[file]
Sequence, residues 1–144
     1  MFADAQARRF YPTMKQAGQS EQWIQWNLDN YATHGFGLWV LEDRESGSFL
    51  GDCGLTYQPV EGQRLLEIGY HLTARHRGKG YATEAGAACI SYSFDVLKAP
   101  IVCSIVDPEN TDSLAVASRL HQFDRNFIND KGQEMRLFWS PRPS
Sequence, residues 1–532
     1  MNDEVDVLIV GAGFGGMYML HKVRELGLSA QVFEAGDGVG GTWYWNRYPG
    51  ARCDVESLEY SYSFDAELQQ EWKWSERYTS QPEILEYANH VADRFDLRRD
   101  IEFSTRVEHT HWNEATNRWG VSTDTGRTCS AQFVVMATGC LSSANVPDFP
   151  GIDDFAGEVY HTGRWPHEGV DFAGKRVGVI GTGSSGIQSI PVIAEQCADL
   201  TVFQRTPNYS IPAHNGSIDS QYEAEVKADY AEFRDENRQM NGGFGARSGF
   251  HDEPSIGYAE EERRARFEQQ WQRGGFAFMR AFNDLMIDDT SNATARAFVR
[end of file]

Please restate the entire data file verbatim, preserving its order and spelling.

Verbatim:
Sequence, residues 1–144
     1  MFADAQARRF YPTMKQAGQS EQWIQWNLDN YATHGFGLWV LEDRESGSFL
    51  GDCGLTYQPV EGQRLLEIGY HLTARHRGKG YATEAGAACI SYSFDVLKAP
   101  IVCSIVDPEN TDSLAVASRL HQFDRNFIND KGQEMRLFWS PRPS
Sequence, residues 1–532
     1  MNDEVDVLIV GAGFGGMYML HKVRELGLSA QVFEAGDGVG GTWYWNRYPG
    51  ARCDVESLEY SYSFDAELQQ EWKWSERYTS QPEILEYANH VADRFDLRRD
   101  IEFSTRVEHT HWNEATNRWG VSTDTGRTCS AQFVVMATGC LSSANVPDFP
   151  GIDDFAGEVY HTGRWPHEGV DFAGKRVGVI GTGSSGIQSI PVIAEQCADL
   201  TVFQRTPNYS IPAHNGSIDS QYEAEVKADY AEFRDENRQM NGGFGARSGF
   251  HDEPSIGYAE EERRARFEQQ WQRGGFAFMR AFNDLMIDDT SNATARAFVR